Business - Operations Management - Stock Control

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Business Angela Emma Rudd BMA
4th February 07
Operations Management
Stock control
What are Stocks?
Stocks are goods, which have been produced or are in the process of being produced
but which have not been sold yet. All firms hold different types of stock. Stocks can take
a variety of forms:
Raw materials and components ­ These are waiting to be used in the
production process.
Works in progress or unfinished goods ­ These are stocks of goods in the
process of being manufactured
Finished goods ­ These are goods that have been produced and are ready to be
sold. In the case of the manufacturer, these are goods waiting to be sold or
delivered to the shops, or the final customer. Retailers hold finished goods on
their shelves ready to be sold.
Holding stock is important to firms because they are often needed to maintain
production and to meet customer's demands. With stocks available a business can
produce at any time and has goods available for customers. However, the problem is
that holding stocks can be expensive and risky. For example the more stocks a
business has:
The greater the warehousing space needed
The more money there is tied up in stocks this means the firm has a high
opportunity cost because the money that is invested on stocks could be used in
other ways
The higher security costs to protect the stocks
The greater the risk inevitably if a firm holds stock there is the danger that it will
perish or become obsolete.
The decision on how many sticks to hole is, therefore, a trade off between the costs of
holding the stocks and the problems, which might occur if stocks are not held.
Buffer Stocks
This is the minimum amount of stock that a firm wants to hold as any time. If the level of
stocks falls below the buffer level there may be a risk of running out this could either
halt production or mean that customers would have to be turned away because no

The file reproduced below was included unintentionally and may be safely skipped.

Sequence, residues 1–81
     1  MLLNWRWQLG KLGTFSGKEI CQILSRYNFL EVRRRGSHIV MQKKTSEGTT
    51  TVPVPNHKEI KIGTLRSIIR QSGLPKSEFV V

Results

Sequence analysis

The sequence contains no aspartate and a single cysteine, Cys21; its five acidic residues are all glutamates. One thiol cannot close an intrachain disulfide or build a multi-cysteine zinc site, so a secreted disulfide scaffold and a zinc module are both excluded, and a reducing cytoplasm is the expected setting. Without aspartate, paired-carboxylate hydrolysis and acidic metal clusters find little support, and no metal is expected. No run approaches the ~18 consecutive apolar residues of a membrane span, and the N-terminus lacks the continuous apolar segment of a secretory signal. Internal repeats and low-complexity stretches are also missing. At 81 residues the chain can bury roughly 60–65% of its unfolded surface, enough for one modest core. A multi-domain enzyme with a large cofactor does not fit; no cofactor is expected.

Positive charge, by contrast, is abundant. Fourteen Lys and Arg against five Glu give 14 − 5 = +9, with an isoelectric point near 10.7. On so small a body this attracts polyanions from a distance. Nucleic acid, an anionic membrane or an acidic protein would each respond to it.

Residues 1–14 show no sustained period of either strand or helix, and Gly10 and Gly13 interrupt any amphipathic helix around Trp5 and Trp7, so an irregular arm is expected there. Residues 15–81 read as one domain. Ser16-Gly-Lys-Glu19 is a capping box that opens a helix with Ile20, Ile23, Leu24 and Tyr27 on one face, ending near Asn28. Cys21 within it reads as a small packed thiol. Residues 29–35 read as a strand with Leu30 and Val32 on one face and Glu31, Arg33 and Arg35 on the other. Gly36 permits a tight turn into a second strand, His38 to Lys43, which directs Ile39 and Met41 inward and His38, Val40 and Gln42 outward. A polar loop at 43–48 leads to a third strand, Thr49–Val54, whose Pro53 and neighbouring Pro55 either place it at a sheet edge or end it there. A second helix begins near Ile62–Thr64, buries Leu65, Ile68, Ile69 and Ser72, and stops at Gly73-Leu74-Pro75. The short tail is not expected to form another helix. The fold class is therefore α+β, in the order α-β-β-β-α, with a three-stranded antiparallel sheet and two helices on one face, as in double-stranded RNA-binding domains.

finished goods are available. Several factors influence the level of buffer stocks a
business holds:
The rate at which stocks are generally used up ­ the faster stocks are used up,
the more the firm will have to hold at any time.
The warehousing space available ­ the smaller the space a firm has for storage,
the lower the level of stock.
The nature of the product ­ if the product is fragile or likely to depreciate, the firm
will not want too much stock in case it breaks or loses value rapidly.
The reliability of suppliers ­ the more reliable suppliers are, the few buffer stocks
the firm needs to hold
The supplier's leadtime ­ the leadtime is the time it takes for products to arrive
from when they are ordered. The shorter the leadtime, the smaller amount of
stock a firm needs to hold. If however the leadtime is long, the firm will need to
hold more stock in case there are any delays.

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Business Angela Emma Rudd BMA
4th February 07
The maximum stock that a firm will hold depends on:
How much space a firm has
The opportunity cost of having money tied up in them
Stock Control
Stock control involves stock rotation. This is a method of organising stocks so that the
oldest supplies are used up first, rather than the newest deliveries. Stock rotation is
important within supermarkets.
Just in Time (JIT)
Just in time production occurs when firms produce products to order.…read more

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Business Angela Emma Rudd BMA
4th February 07
Investment in machinery, which is flexible and can be changed from producing
one type of item to another without much delay.
Training of employees so that they have several skills and can do a variety of
jobs.
Negotiation with employees so that their contracts are flexible and allow them to
move around
Building relationships with suppliers who can produce Just in Time as well.…read more

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